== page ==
Molecular characterization of bacterial isolates

Some bacterial isolates were selected for molecular characterization by sequencing the 16S ribosomal RNA gene region (16S rDNA). Selection of a total of 93 isolates was performed to analyze approximately five different representatives from each bacterial group from the control and treated groups except for Vibrio, for which all isolates obtained were sequenced because of the importance of Vibrio bacteria as oyster pathogens (Beaz-Hidalgo et al., 2010; Travers et al., 2015; Le Roux et al., 2016; Dubert et al., 2017).

Genomic DNA extraction, amplification, and sequencing

The bacterial isolates (n = 93) were grown overnight in Luria-Bertani medium (LB, Difco, Brazil) and centrifuged (1000 g, 10 min), and then the supernatant was discarded. The cell pellet was subjected to genomic DNA extraction using the Wizard® SV Genomic DNA Purification System (Promega, Brazil) following the manufacturer's instructions.

Polymerase chain reaction (PCR) was performed using the forward primer U968 (5’ ACC GCG AAG AAC CTT AC 3’) and the reverse primer L1401 (5’ GCG TGT GTA CAA GAC CC 3’) (Nubel et al., 1996; Gabor et al., 2004), which are specific for the V6-V8 region of the 16S rDNA. Each 12.5 μL reaction contained (in final concentrations) 1× proprietary buffer, 0.5 μL of DNA, 0.8 mM MgCl2, 0.08 mM dNTPs, 0.08 μM of each primer and 0.5 U of Taq DNA polymerase (Invitrogen, Brazil). The PCR conditions included initial denaturation at 94°C for 2 min; 30 cycles of 94°C for 1 min, 52°C for 1 min, and 72°C for 2 min; and a final extension at 72°C for 8 min.

PCR products from the 93 bacterial isolates were directly sequenced in both directions by the Sanger method using the BigDye® Terminator v3.1 Cycle Sequencing Kit (Applied Biosystems, Foster City, California, USA) following the manufacturer's instructions. The final volume of the sequencing reaction was 10 μL, which contained 0.8 μL of PCR product, 1 μL of 5× buffer, 2 μL of Big Dye solution and 3.2 pmol of primer. The sequencing products were purified with a standard isopropanol/ethanol protocol and read on an ABI 3500 genetic analyzer.

The obtained nucleotide sequences (16S rDNA) were compared to those registered in the Ribosomal Database Project (RDP, Michigan State University) and identified at the genus level (80% bootstrap confidence). The nucleotide sequences (n = 93) were deposited in the GenBank database under the accession numbers MH665890–MH665973 and MH685446–MH685454.

Effect of microbiota alteration on oyster immune cell parameters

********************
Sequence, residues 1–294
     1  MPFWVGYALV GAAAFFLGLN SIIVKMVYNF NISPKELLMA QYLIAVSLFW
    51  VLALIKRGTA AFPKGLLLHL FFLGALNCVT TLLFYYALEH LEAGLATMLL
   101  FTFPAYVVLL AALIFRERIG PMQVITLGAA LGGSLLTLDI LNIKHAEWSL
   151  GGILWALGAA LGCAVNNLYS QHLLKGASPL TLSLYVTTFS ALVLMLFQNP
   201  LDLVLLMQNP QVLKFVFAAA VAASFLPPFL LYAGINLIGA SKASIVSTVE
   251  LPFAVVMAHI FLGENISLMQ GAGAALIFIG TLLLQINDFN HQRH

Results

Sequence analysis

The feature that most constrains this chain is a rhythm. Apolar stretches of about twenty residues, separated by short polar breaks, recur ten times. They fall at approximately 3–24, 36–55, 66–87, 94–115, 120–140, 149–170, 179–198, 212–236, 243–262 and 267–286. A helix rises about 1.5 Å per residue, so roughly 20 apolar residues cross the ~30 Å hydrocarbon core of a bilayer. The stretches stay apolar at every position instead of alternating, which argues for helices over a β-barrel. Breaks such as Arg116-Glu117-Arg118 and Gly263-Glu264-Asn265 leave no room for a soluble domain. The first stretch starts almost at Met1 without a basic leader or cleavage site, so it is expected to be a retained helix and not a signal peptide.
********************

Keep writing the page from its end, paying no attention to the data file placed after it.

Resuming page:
Haemocyte parameters were evaluated in oysters from the in vivo assay. Hemolymph was withdrawn from the adductor muscle of oysters (n = 15 from each group) with a 1 mL syringe coupled to a 21-gauge needle and held on ice until use. Individual hemolymph samples were either 1) immediately fixed in formaldehyde (2% final concentration) for estimation of hemocyte concentration, or 2) deposited in cytometry tubes to separately measure cell viability, phagocytic capacity and the production of reactive oxygen species (ROS).

Haemocyte concentration in oyster hemolymph was assessed with the fluorescent DNA-intercalating stain SYBR®Green I (Molecular Probes, the final concentration of 10-4 from the original solution). Formalin-fixed hemocytes were gated on a green fluorescence versus complexity (side scatter, SSC) biplot. Cell concentrations were estimated considering sample dilution, cytometer flow and sample acquisition time (30 s) (Hégaret et al., 2003a). The viability of the hemocytes was assessed with the fluorescent DNA-intercalating stain propidium iodide (Sigma-Aldrich, final concentration 10 μg mL-1). Cell mortality was estimated as the percentage of fluorescent (dead) cells among the total cells analyzed (Hégaret et al., 2003b). Phagocytosis was measured with fluorescent latex particles (Fluoresbrite® Yellow Green Microspheres, 2 μm; Polysciences, final concentration 0.1%, approximately 4.5×107 cells mL-1). The phagocytic rate was estimated as the percentage of cells that engulfed one or more particles (Hégaret et al., 2003b). ROS were measured with 2′7′-dichlorofluorescein diacetate (DCFH-DA, Sigma-Aldrich, final concentration 10 μM). The production of ROS was expressed as the geometric mean fluorescence of the hemocytes in arbitrary units (A.U.) (Hégaret et al., 2003b; Lambert et al., 2003).